Author James Lee Burke is a descendant of tough Texas lawmen. In fact, his maternal great-grandfather once tangled with some of the West’s most notorious gunslingers.
Although Burke is most famous for hard-boiled crime novels featuring Louisiana lawman Dave Robicheaux, he has written seven fine novels inspired by the Hollan side of his family, changing the surname to Holland when he introduced Hackberry Holland, a hard-drinking lawyer, in Lay Down My Sword and Shield in 1971.
In Wayfaring Stranger, he introduces another member of the family, Weldon Avery Holland. When we first meet him, it’s 1934, and Weldon, a teenager, is living on a hardscrabble Texas farm with his mentally ill mother and his grumpy grandfather, the man who had fought John Wesley Hardin, Bill Dalton and Pancho Villa. But now, Clyde Barrow and Bonnie Parker wander into their lives, hiding out on the edge of the Holland property between bank robberies. Unsure if they are evil thugs or the avenging angels Depression-era popular culture made them out to be, Weldon is haunted by the encounter.
But later, as a second lieutenant, Weldon and his sergeant, Hershel Pine, discover what true evil is when a Waffen SS Tiger tank almost takes their lives. Separated from their unit, they accidentally wander into an abandoned Nazi death camp where Weldon saves a young woman named Rosita Lowenstein, who eventually agrees to be his wife.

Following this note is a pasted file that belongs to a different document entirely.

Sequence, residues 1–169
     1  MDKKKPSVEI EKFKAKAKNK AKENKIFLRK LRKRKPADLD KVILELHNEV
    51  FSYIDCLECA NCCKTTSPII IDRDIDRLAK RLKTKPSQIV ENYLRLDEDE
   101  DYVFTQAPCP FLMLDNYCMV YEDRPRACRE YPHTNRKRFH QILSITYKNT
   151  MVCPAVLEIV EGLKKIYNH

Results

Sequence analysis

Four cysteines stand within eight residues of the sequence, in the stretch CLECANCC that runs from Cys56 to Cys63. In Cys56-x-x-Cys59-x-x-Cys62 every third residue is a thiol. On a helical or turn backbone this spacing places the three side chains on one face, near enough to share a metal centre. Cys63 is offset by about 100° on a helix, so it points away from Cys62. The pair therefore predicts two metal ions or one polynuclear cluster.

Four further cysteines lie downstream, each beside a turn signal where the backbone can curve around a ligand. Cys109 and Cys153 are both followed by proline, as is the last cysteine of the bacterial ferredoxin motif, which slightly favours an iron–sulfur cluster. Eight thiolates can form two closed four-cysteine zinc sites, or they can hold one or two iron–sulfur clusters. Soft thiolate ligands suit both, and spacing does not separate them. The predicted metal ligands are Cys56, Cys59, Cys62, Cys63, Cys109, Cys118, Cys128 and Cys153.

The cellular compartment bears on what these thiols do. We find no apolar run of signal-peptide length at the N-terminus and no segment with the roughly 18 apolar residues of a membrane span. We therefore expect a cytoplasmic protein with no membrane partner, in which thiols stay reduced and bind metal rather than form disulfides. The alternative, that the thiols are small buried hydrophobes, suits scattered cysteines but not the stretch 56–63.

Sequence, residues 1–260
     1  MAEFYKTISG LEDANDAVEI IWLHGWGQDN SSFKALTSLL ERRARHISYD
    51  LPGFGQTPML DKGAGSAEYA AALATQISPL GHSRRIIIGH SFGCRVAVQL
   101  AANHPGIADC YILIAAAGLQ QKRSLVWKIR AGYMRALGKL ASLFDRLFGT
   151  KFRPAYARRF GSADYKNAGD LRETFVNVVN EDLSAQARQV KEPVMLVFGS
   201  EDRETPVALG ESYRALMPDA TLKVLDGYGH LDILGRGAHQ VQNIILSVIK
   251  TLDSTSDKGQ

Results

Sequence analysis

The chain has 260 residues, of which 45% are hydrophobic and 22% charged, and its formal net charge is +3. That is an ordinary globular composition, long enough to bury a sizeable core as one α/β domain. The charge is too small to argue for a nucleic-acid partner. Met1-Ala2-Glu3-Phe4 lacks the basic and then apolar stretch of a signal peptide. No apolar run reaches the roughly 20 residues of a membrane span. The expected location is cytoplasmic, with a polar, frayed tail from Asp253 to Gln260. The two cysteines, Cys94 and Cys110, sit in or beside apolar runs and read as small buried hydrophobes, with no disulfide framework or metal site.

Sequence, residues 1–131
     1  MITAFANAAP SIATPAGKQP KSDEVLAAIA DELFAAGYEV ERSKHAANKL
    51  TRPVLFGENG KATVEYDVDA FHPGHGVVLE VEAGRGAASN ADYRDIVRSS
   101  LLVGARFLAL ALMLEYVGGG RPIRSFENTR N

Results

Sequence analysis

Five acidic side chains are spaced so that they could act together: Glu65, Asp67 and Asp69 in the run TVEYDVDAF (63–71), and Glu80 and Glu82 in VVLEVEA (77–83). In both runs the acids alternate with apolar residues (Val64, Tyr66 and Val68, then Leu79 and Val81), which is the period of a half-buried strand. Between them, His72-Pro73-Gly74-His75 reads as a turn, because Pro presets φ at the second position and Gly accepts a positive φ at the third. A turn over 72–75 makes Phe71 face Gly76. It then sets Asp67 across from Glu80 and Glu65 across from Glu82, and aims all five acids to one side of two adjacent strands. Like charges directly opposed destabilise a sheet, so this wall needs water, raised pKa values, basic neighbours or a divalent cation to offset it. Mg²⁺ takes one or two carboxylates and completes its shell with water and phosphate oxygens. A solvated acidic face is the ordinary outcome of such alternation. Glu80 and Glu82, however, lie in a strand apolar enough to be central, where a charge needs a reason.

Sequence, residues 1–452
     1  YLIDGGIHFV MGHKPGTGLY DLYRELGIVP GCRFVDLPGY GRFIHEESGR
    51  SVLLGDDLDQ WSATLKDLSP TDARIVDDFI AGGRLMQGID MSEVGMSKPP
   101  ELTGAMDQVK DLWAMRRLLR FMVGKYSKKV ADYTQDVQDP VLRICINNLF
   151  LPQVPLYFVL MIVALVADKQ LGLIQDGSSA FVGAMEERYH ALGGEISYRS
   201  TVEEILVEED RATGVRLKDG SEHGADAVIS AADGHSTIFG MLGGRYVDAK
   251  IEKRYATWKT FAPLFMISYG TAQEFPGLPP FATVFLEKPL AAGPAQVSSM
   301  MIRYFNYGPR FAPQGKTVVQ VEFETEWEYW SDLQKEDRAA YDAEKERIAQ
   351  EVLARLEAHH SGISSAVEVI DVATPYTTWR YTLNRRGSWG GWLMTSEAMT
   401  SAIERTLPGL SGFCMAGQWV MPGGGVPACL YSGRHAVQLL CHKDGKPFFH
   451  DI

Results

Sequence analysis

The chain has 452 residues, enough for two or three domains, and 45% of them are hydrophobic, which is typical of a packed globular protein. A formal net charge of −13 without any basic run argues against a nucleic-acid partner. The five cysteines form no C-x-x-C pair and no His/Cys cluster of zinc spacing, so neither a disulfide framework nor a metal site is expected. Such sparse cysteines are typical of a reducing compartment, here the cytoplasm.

After the war, Weldon and Hershel return to Texas where they go into business together, building pipelines for the booming oil business. But rich and politically well-connected Texans are eager to destroy their business and acquire the unique welding process they have patented.
The two friends want to believe they left evil behind in Europe, but they soon discover that anti-Semitism is not foreign to American soil, and that rampant greed is just another form of evil.
The forces arrayed against Weldon and Hershel bear down on them with all the force of a freight train, tearing at their marriages, threatening them with prison and even attempting to take their lives.
The epic story Burke has fashioned is thick with tension to the very end. His characters — heroes and villains — are superbly well drawn, and as in every Burke novel, the poetic descriptions of urban and country settings bring Texas to life on the page.
Burke’s last three novels, Light of the World, Creole Belle and Feast Day of Fools, were arguably his best. Wayfaring Stranger joins them as one of his most powerful and ambitious novels to date.
Bruce DeSilva reviewed this book for The Associated Press.